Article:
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Hyperbole: Pussy rules the world

FIRST of all, this is a bit of a long one, so if you’re not interested in 17th century poetry, punk rock fanzines, bleepy sounds from Sheffield, Badly Drawn Boy, bossa nova or cats, you’d probably best fuck off now. I promise I won’t be offended.

Now, are we all sitting comfortably?

The best ideas are often the simplest.

Whoever it was at Punks is Hippies who came up with the genius idea of scanning old punk fanzines and sticking them online as downloadable pdf files deserves a medal – although thinking about it, they’d probably prefer a dinky little button badge.

Among a ton of UK publications from the Eighties (like Acts of Defiance, pictured), you’ll also find a treasure trove of more recent European zines such as Vapaus! from Osijek, Croatia featuring such mellow, middle-of-the-road acts as Zudas Krust (Indonesia), Kääska (Brazil), Derriba Tus Muros (Brazil) and Chaos Destroy (USA).

Punks is Hippies is allied to the equally worthy Digital Fanzine Preservation Society and the UK Zine Library (where I was very pleased to see a couple of my old publications and even better, several issues of legendary Scunny punkzine Fuck Off & Drop Dead) and I think it is just about the best idea I’ve come across in oooh, weeks.

Consolidating and building your brand through social media is also a pretty simple idea but it’s surprising how many organisations get it so very wrong ..

Read the rest of this piece at the new home of Expletive Undeleted here.

Interview: Terri Walker

TERRI WALKER is trying to convince me that her barely stifled yawns are due to her heavy schedule over the last few weeks and have absolutely nothing to do with my interview questions.

“This month has been kinda crazy,” she says with a sigh as she relaxes into a sofa at her management’s offices in Shepherds Bush, “but you know, it’s worth it.”

Walker’s debut album, Untitled, was among the nominated albums for last month’s Mercury Music Prize, and although Dizzee Rascal’s Boy In Da Corner eventually won the £20,000 prize money, the exposure the competition afforded Walker has given her profile a big boost. She’s a busy girl.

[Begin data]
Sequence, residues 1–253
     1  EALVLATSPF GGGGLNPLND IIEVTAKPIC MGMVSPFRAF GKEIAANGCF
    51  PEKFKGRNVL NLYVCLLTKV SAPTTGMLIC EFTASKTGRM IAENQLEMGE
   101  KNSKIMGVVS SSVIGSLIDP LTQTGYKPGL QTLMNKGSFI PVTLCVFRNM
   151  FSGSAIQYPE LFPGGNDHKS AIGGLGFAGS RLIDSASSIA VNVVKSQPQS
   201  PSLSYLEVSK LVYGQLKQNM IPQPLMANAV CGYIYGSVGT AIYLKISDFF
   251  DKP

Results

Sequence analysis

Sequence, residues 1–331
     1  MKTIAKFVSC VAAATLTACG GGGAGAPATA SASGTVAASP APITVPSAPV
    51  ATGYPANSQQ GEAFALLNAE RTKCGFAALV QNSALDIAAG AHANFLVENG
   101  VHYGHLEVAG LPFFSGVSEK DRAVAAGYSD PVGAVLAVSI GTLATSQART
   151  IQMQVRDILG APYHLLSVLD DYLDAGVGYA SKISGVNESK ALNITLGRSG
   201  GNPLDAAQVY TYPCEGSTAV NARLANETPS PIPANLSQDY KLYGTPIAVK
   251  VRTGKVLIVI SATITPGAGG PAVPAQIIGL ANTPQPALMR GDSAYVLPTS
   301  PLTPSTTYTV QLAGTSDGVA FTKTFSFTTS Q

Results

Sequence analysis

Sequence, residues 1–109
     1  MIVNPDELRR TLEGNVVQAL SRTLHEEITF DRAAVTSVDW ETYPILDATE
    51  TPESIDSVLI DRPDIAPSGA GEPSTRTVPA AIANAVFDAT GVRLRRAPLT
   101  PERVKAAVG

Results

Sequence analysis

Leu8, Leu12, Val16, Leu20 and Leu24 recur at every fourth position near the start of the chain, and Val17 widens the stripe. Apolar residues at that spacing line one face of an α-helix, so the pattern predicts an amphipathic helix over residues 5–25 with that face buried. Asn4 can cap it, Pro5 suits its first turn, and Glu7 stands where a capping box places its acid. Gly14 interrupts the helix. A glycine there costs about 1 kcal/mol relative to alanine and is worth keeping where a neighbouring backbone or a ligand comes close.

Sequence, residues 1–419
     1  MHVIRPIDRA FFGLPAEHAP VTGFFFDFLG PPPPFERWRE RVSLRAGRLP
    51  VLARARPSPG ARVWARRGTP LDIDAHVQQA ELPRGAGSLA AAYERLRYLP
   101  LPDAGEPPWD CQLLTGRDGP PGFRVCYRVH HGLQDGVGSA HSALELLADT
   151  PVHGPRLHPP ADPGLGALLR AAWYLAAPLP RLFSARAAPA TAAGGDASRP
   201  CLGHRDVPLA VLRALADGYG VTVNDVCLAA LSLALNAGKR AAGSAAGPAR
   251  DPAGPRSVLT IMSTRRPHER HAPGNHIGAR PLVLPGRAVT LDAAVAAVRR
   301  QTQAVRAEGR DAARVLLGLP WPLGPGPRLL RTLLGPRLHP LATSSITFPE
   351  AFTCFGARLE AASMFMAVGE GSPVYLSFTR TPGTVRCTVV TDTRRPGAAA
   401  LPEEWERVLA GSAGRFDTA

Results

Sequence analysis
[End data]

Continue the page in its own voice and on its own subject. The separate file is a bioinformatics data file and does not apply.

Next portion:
“I’m glad Dizzee won,” she says. “He’s young, he’s giving hope to those kids out there that feel they have to beat someone up or shoot someone in order to get ahead in life. It’s not about the bling-bling. He did it up in his little studio and when he accepted that award, it really touched me. I nearly cried. He deserved it.”

Terri Walker deserves her day in the sun too. Although at the time of going to press it remains to be seen whether she will have any success at the MOBO awards – she was nominated in no less than four categories – whatever happens, Untitled is one of the most assured and accomplished debut albums to have emerged from the British soul scene in years.

Read the rest of this piece at the new home of Expletive Undeleted here.

Interview: Mark E Smith *2

MARK E SMITH of the Fall is talking to me, eyeball to eyeball, giving me a few pointers about how I might like to approach our interview:

“Is he an idiot like Oasis? Or is he friendly like New Order? Or is he reclusive like Morrissey?” he whines in a fey, airhead manner, before snapping back into reality and fixing me with a surprisingly steely and clear-eyed gaze. “Say what you want. But watch your back.”

MES doesn’t have much time for the people others might regard as his contemporaries. If you see Manchester as one big happy musical family, Smith is the surly step-child in the corner, loudly singing off-key and out of time, spoiling it for everyone. Loving the fact that he is spoiling it for everyone ..

Read the rest of this piece at the new home of Expletive Undeleted here.

Hyperbole: Beefs and love, again and again

EARLIER this year, for reasons too complicated to go into here, I had reason to be looking for kids from an estate in Preston who made their own music.

It turned out that the supposedly uncommunicative and hard-to-reach youth on this particular estate were absolutely into communicating with the outside world, but you’d only know about it if you looked on MySpace.

Although broadly ‘urban’ in origin, the music they’re coming up with ranges from grime and dubstep to 4×4 bassline and straightforward hip hop. In the comments for each profile, it’s all about barz, beefs, merking and endz and a lot of the time I don’t have a fucking clue what they’re on about, to be honest – though I have a pretty good idea – but one name seems to crop up time and again ..

Read the rest of this piece at the new home of Expletive Undeleted here.

Feature: Overpaid, oversexed and over here